Lethal Avionics: How Complexity and Automation Can Impact Safety in the Cockpit
Modern avionics systems have been intelligently evolved over the years with three clear goals in mind: increase automation within the cockpit, reduce workload for pilots and, last but not least, increase safety.
Modern avionics systems have been intelligently evolved over the years with three clear goals in mind: increase automation within the cockpit, reduce workload for pilots and, last but not least, increase safety. This evolutionary journey has been extremely beneficial to the industry as a whole due to the fact that is has helped to increase safety levels across the board.
Under specific conditions, however, differences in core design features of modern avionics, like auto-pilot systems, when added to the increased complexity caused by automation, conspire to create potentially hazardous situations - even for experienced flight crews.
There have been cases when failures in non-vital aircraft systems have actually contributed to major aviation disasters by triggering degraded operational modes in autopilot or auto-throttle systems.
In one example, a faulty captain-side radar-altimeter activated an auto-throttle move to idle and caused the auto-pilot to enter ‘retard-flare’ mode at an incorrect time; having gone unnoticed, this was later flagged as a major contributing factor to the eventual crash of the aircraft. In another example, an incorrect setting of autopilot mode subsequently led to the disconnection of the auto-throttle which allowed the plane to descend to a dangerous, low-speed course near the ground, again resulting in a crash.
It’s well known that aircraft manufacturers have fundamentally different approaches to controlling authority limits of autopilot systems. In an interesting twist, there are now experts expressing a need for less automation, or at least for a different approach when developing newer versions of the systems that control aircraft.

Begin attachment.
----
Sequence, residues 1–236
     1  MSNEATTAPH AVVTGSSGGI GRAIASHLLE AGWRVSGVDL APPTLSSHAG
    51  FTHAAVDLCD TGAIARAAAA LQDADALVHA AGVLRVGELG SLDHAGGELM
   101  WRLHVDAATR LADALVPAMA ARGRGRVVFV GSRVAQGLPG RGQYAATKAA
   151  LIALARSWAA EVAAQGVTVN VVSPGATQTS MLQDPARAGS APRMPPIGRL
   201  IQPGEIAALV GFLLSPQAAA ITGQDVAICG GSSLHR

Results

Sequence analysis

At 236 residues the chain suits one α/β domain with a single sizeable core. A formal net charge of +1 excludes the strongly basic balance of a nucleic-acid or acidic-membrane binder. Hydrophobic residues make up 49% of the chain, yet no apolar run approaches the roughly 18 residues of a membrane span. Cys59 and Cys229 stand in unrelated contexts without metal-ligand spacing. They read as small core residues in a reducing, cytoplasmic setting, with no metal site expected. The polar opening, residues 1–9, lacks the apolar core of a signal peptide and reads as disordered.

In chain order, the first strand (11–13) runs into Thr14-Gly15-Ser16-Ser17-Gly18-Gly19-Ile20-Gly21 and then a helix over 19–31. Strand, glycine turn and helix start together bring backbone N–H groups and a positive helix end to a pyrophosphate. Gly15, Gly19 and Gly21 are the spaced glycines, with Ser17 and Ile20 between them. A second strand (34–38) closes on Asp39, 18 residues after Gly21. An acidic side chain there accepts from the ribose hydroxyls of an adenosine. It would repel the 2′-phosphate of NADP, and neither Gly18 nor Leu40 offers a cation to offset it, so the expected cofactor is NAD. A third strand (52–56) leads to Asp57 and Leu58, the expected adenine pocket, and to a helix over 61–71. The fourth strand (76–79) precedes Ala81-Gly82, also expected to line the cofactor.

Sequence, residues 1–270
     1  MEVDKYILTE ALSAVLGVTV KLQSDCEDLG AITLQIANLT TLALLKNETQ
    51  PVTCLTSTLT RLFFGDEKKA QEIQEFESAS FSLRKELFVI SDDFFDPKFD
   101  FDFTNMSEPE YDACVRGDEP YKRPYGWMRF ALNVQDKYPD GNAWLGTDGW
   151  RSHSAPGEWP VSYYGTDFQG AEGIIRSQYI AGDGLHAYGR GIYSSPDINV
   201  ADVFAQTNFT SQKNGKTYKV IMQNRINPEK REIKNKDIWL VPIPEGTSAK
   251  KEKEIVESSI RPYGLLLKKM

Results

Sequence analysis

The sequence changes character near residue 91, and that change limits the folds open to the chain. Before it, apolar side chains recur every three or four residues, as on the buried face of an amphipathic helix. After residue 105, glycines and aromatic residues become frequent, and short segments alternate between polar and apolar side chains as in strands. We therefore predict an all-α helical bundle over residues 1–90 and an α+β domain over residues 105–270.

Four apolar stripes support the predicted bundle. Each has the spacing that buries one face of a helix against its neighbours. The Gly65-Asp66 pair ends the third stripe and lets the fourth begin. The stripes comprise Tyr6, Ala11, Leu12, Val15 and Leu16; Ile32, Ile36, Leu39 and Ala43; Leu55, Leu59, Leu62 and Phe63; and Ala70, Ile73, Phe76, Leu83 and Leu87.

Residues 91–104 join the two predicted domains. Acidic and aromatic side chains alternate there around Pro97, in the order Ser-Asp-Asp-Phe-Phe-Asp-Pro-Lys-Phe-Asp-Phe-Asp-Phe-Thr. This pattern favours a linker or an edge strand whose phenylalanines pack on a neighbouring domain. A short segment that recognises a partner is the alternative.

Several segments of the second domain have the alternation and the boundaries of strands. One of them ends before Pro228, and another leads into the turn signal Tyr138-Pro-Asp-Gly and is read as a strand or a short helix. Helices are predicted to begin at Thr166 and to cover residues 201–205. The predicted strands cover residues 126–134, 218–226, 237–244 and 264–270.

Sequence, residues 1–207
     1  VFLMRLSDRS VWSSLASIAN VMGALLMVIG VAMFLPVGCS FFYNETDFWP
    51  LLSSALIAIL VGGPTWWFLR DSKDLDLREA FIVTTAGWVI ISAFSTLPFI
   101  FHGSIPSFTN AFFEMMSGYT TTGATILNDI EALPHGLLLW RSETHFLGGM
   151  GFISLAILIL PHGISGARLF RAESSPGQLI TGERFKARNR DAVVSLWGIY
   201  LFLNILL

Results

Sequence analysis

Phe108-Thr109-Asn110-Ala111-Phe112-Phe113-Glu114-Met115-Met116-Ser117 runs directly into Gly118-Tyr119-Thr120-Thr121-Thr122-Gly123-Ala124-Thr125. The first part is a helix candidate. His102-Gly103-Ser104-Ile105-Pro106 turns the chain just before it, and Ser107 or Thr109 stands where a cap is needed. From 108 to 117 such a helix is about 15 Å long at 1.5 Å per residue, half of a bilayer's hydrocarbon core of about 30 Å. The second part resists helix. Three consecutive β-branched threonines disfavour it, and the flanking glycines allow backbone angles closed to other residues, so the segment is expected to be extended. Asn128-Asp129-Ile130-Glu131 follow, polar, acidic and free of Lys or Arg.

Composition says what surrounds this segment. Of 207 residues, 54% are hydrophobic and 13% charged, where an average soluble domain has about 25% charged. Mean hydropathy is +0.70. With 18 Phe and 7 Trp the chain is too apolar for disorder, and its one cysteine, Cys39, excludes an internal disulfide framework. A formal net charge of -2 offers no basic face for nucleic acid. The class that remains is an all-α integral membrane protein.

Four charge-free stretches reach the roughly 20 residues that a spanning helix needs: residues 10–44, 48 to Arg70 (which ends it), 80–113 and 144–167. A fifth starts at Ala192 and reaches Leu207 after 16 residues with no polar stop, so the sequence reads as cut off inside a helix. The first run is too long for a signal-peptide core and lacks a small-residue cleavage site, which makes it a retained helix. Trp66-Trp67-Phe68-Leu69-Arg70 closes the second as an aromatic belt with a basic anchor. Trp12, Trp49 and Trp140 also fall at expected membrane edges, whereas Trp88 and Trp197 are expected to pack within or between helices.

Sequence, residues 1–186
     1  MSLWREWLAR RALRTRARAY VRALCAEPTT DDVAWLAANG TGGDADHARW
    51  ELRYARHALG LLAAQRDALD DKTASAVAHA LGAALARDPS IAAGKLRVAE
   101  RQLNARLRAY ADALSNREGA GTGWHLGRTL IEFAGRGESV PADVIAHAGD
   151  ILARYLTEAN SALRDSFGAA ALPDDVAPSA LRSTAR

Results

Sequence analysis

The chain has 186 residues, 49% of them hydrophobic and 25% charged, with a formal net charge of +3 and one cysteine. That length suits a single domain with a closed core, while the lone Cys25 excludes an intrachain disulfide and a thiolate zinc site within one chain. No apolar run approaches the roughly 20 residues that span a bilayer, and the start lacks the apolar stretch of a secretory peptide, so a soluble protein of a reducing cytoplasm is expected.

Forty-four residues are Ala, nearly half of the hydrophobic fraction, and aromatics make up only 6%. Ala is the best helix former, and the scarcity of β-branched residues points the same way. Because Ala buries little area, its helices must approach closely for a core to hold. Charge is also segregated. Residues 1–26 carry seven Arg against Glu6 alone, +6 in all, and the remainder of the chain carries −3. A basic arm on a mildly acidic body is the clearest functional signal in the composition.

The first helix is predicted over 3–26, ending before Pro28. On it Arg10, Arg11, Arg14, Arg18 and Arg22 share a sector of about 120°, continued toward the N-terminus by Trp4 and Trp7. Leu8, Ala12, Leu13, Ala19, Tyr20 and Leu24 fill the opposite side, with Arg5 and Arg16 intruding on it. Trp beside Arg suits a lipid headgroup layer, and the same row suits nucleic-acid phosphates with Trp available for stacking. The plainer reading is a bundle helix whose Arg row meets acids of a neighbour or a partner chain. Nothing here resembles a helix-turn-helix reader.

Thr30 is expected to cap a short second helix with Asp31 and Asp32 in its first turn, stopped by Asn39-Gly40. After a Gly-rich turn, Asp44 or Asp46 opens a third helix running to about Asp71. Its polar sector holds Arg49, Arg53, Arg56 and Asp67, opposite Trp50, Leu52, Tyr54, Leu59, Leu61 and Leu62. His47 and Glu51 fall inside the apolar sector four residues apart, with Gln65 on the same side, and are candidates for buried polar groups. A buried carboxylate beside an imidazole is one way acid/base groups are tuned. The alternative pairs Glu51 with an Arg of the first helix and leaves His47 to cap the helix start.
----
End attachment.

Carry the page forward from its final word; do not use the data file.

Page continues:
Software, of course, plays a major role in the reliability and safety of end-systems development. Although the process of avionic specification and design is well defined, performed and controlled by the major OEMs, there is a clear role to be played by companies specialising in software testing, safety and reliability.
Changes need to happen if the industry is to progress from its current state. Although it sounds obvious, possessing the right knowledge of system development from a technical point of view – and using the right tools for the job – is a fundamental part of increasing safety. Extensive experience provides the basis for a wide knowledge base and is what is lacking in the industry at present.
In addition, more companies need to take a thorough approach when it comes to RAMS and look to truly understand how human factors impact safety. Efficiently implementing a structured development and testing strategy, where thorough testing of the end system plays a core role, would also prove to be of substantial benefit. Effective interaction between independent development and testing teams is vital to provide a solid plan, including a comprehensive overview of risks and mitigation strategies, which of course takes human factors into consideration.
The good news is that some companies are working in the right way already. As experts in software testing frameworks for safety-critical embedded systems, Vector Software’s extensive research in software testing and a world-class team of support and technology partners allows them to deliver unparalleled "next generation" test tools to the marketplace, helping hundreds of customers worldwide. As one of those partners, Critical Software possesses an extensive avionics knowledge-base built from decades of experience. This experience is supported by a Quality Management System that complies with the most demanding standards, offering customers high levels of efficiency and flexibility and lower costs.
Working together, companies like Vector Software and Critical Software are solving the complexity problem through improved system capability, delivering higher levels of software safety within the aerospace sector.
By Ricardo Camacho, Services Manager at Vector Software and Luis Gargaté, Business Development Manager at Critical Software.